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The True Message Behind HBO's "The Newsroom"

Updated on January 30, 2017


With the final season of The Newsroom wrapping up this winter, many fans like myself wonder if there will ever be a show quite like it again. Television series like “The Newsroom” don’t come very often as each episode expanded one’s mind, rather than shrink it. The creator of the series, Aaron Sorkin, uses each hour to address issues that media organizations and the globe face each day. Die-hard fans quickly realize the underlining message Sorkin is trying to push to his audience, which is the transformation from quality news coverage to profitable news coverage.

Media has the power to publicize any issue they feel is significant. This can give an astonishing amount of power to a company, but power does not pay salaries. As news coverage became more and more profitable, media outlets needed to find ways to grow a fan base. Just like the creators of “Keeping up with the Kardashians” and the Real housewives of every state in America, viewers drive profits and profits pay producers and casts. The transition to profitable news has made media coverage less willing to publish quality stories and more keen to talk about issues that only evoke emotions or anger. The news is a real life soap opera and gives viewers enjoyment, even though present day issues are being ignored.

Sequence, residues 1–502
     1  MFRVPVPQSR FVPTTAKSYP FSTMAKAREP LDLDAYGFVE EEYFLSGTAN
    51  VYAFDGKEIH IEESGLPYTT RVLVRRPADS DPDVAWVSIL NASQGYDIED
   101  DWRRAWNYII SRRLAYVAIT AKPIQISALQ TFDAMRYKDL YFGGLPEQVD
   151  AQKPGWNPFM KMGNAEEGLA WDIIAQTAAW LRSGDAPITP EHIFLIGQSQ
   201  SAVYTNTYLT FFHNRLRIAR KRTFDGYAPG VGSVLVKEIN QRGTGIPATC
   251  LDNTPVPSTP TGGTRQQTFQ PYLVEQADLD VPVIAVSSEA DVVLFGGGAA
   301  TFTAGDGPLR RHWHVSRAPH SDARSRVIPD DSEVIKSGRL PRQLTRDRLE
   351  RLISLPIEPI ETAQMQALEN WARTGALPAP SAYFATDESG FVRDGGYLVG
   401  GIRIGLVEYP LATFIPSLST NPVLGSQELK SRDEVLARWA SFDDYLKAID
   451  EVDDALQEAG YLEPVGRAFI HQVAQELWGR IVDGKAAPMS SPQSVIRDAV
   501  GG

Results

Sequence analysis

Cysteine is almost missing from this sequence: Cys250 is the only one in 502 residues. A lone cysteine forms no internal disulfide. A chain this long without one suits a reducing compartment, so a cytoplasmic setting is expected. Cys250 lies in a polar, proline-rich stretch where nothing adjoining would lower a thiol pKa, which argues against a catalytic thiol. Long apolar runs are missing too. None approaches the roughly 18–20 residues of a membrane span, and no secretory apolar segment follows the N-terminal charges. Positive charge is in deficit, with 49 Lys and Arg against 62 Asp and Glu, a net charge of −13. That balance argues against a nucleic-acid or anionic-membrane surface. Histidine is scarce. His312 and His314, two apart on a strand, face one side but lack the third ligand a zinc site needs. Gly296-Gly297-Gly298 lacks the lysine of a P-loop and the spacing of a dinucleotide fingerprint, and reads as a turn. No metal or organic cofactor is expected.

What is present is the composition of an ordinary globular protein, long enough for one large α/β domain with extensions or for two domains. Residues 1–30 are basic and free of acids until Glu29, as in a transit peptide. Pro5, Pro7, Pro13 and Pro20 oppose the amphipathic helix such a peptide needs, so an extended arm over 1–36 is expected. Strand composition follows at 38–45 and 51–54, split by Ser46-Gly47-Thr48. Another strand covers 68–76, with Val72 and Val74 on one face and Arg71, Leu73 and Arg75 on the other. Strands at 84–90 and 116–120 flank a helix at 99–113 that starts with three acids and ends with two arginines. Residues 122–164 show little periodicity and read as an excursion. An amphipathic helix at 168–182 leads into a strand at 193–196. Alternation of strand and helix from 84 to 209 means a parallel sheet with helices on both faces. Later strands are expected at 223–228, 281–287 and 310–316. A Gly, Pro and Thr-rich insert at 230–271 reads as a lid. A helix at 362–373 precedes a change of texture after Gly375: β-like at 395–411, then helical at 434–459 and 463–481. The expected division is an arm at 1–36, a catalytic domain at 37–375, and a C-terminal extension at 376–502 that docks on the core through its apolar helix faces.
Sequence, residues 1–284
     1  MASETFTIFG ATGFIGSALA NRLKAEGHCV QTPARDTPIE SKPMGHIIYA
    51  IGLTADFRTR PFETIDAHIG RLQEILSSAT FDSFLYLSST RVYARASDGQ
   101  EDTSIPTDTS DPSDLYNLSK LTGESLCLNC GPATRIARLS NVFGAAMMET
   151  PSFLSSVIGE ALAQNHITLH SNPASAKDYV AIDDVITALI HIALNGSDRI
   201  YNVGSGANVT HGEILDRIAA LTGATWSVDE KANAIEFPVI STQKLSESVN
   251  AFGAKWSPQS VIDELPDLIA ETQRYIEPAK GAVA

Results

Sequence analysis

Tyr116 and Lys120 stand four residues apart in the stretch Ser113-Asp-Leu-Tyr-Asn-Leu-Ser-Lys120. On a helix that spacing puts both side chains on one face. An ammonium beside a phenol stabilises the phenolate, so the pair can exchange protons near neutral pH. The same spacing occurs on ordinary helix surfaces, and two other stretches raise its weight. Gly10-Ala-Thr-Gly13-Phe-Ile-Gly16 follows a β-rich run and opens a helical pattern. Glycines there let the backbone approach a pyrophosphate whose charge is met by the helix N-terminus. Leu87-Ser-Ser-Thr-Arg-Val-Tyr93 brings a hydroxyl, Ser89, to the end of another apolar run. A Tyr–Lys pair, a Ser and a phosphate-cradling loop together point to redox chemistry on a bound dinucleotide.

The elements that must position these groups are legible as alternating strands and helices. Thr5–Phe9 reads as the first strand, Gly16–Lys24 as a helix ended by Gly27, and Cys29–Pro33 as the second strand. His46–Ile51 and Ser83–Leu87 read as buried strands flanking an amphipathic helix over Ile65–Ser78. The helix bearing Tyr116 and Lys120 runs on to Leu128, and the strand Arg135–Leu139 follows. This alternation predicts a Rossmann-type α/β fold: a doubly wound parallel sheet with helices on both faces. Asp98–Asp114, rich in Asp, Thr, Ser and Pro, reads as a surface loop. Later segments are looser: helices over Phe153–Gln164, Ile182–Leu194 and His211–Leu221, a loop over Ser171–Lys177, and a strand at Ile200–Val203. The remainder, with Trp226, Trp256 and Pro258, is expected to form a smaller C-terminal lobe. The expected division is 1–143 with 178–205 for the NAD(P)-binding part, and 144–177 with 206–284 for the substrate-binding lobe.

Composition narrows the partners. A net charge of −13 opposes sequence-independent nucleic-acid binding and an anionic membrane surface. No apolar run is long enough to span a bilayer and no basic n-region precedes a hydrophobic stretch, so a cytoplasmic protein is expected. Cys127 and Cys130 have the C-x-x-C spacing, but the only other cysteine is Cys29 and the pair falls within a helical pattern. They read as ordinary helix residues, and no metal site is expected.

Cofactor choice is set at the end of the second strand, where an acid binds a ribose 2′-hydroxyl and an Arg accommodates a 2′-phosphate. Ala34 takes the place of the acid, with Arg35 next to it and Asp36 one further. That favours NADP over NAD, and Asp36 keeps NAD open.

“The Newsroom” is not for those who get a thrill from the overpublicized and dramatized stories, it is for those who enjoy quality, well researched stories about past events. Sadly, the main reason for the shows cancelling is due to its expensive research team who actually report stories that matter. The researchers travel across the globe to cover issues that real media stations feel lack importance and are too expensive to fund. It is much easier and cheaper to overemphasize what an actress is wearing then discuss the growing crisis at home or abroad.

The days of quality news coverage are limited and Aaron Sorkin is doing his best to address this issue. If for anything else, one should watch “The Newsroom” because it is different. It is insightful, entertaining, and a quality way to spend an hour. It will inform the viewer and may bring them to do a little more research on their own. Though the show has only had three seasons, it will continue to remind fans about the importance of quality news coverage.

"The Newsroom" Season 1

Does quality news coverage matter to you?

Do you agree that news coverage in America does not fully inform its viewers?

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